Monday, September 25

Rail-Strike Deadline Carries Economic and Political Risks for Biden

Tens of thousands of US railroad workers could be on strike by the end of this week, a potential new shock to supply chains that would pose a pre-midterm political quandary for President Joe Biden and the Democrats.

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(Bloomberg) — Tens of thousands of US railroad workers could be on strike by the end of this week, a potential new shock to supply chains that would pose a pre-midterm political quandary for President Joe Biden and the Democrats.

Negotiators met through the weekend trying to reach a deal with two unions covering some 57,000 enginefdayers and conductors — a tired-and-riled workforce that emerged from the pandemic-rattled economy. Ten other unions involved have reached tentative agreements, though such deals require ratification by members. US Labor Secretary Marty Walsh met with both sides last week.

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Pressure is building from industry groups and Republicans alike for Congress to intervene in the dispute, which the unions have been urging legislators not to do. Lawmakers have the authority to extend the deadline beyond 12:01 am Eastern Time on Sept. 16 or impose a contract on the two sides, preventing workers from striking for a better deal.

Still riding the momentum of recent legislative wins, the Biden administration can ill afford work stoppages that clog major arteries of the nation’s food and energy supplies. But neither does the president want to be seen as obstructing workers trying to win more time for their private lives .

“In this moment where there’s so much public concern about supply chain and inflation, I think there’s going to be a lot of pressure on Congress to step in,” said Sharon Block, who worked in the Obama and Biden administrations and is now executive director of Harvard Law School’s Labor and Worklife Program. “Certainly the best outcome is for there to be some resolution before then.”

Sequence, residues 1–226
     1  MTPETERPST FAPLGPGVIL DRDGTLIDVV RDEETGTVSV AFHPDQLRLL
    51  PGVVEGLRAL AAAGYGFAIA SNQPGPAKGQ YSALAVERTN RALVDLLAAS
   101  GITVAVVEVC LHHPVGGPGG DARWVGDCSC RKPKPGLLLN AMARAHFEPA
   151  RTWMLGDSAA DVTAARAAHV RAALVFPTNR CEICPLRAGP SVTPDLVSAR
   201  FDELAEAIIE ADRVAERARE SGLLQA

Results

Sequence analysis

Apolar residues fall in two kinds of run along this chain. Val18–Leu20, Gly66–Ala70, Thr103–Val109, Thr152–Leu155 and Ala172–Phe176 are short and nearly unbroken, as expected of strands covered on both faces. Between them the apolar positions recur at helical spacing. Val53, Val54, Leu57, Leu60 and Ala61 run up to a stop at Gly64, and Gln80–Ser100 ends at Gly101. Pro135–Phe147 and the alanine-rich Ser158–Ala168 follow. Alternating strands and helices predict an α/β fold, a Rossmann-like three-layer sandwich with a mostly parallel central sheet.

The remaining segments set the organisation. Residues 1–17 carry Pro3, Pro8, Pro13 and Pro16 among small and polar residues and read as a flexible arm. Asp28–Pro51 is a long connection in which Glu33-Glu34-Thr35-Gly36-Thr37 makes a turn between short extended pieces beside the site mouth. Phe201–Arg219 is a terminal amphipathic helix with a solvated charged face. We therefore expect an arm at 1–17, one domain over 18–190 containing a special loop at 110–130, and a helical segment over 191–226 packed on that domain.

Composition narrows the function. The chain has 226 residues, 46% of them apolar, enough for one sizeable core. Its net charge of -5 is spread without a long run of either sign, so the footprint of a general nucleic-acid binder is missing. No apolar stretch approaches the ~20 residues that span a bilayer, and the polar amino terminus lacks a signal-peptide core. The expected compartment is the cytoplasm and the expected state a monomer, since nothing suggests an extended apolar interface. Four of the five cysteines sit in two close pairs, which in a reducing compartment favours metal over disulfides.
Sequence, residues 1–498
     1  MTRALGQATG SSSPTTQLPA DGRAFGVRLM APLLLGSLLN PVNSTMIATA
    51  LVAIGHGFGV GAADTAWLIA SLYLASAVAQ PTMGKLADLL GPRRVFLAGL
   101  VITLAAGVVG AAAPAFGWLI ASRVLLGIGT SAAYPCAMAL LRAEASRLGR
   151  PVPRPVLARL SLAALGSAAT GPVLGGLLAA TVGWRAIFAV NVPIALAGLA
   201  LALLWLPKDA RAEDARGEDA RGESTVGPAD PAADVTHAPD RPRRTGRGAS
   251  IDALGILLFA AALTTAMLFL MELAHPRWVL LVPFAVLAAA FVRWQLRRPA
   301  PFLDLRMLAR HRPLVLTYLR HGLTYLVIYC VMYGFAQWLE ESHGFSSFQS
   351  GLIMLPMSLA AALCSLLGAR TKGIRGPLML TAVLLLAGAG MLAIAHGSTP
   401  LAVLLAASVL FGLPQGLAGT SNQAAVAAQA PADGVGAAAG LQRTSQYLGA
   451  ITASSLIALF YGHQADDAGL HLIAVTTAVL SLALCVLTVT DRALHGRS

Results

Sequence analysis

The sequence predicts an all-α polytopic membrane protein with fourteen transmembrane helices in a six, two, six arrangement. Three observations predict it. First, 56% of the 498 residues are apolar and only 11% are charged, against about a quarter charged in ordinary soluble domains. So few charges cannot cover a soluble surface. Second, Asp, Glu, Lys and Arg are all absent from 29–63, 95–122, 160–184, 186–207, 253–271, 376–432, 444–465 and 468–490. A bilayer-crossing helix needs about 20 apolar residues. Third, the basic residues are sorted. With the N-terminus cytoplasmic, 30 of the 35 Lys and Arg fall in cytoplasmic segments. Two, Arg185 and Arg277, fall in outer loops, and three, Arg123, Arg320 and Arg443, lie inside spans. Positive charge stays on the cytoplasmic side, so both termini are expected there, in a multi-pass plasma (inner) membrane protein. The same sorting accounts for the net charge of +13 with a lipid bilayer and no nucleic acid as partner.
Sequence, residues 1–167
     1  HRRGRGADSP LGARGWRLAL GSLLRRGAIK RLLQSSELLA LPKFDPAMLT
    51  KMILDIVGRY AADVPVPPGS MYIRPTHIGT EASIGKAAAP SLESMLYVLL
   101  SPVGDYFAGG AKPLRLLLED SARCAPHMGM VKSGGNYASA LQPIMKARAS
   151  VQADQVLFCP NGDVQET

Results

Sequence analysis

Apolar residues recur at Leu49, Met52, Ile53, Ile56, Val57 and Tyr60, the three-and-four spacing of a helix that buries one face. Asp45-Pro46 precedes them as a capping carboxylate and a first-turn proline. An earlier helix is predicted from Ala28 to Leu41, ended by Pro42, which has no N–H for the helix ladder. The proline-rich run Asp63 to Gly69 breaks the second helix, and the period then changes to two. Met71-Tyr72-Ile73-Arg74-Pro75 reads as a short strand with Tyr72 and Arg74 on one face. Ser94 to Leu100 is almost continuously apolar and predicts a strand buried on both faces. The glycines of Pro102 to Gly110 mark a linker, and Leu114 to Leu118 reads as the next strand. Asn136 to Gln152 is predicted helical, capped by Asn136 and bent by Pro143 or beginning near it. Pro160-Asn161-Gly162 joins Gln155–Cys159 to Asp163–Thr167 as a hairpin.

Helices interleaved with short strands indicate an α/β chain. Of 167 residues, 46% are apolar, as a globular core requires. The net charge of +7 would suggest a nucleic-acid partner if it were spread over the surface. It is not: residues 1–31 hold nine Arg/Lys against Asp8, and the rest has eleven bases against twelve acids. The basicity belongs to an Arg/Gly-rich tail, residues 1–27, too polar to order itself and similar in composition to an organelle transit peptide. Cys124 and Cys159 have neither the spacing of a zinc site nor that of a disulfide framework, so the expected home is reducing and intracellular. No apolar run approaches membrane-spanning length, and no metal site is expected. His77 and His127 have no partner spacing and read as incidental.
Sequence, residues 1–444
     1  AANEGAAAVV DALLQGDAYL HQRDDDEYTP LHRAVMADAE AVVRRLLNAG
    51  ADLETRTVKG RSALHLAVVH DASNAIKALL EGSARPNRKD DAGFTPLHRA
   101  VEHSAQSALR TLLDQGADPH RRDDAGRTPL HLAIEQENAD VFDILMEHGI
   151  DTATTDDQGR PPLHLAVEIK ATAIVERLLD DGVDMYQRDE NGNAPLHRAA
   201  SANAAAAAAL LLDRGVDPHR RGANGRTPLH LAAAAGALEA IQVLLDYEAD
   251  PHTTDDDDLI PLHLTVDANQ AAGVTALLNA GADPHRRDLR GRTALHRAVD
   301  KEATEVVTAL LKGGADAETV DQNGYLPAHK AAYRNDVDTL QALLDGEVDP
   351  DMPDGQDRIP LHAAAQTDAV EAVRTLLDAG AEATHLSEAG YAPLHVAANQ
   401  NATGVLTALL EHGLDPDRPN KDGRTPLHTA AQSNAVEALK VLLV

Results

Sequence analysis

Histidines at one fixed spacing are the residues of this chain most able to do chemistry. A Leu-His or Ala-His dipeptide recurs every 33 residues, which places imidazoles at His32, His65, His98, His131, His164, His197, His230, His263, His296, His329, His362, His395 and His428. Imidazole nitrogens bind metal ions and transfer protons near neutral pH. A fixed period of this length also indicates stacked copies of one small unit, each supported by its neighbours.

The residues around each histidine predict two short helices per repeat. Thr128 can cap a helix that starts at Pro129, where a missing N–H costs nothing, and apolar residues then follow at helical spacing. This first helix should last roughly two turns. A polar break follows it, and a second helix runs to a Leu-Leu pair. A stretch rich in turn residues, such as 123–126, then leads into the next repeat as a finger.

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The situation may get worse even before the deadline expires. Railroads warned Friday that they may impose limits on certain shipments starting Monday. The presidents of two holdout labor groups — the SMART Transportation Division and the Brotherhood of Locomotive Engineers and Trainmen — on Sunday called that move “no more than corporate extortion.”

Union leaders Jeremy Ferguson and Dennis Pierce accused the companies of “harming the supply chain in an effort to provoke congressional action.”

Tricky for Biden

For Biden, the rail dispute needs to be resolved without imperiling the economy or undermining support from Democrats’ traditional base among workers. It’s only in recent weeks that inflation — particularly at the gasoline pump — has begun to ease, and a new economic disruption just weeks ahead of midterm elections could undermine Democrats’ recent progress.

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“I know that the administration, the White House, is closely monitoring the negotiations, and we certainly hope that they will be successful in avoiding a damaging supply shock to the economy,” Treasury Secretary Janet Yellen said on CNN’s “State of the Union” on Sunday.